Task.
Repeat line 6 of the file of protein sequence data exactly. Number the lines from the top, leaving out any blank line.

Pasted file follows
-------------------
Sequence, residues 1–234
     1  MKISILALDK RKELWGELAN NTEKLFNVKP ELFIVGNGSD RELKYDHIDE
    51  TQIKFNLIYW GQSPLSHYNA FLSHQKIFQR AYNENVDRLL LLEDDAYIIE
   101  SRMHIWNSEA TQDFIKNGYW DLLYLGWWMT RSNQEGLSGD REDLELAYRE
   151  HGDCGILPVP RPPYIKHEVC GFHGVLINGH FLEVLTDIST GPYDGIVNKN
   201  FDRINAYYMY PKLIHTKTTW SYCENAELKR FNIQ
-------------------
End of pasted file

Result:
   201  FDRINAYYMY PKLIHTKTTW SYCENAELKR FNIQ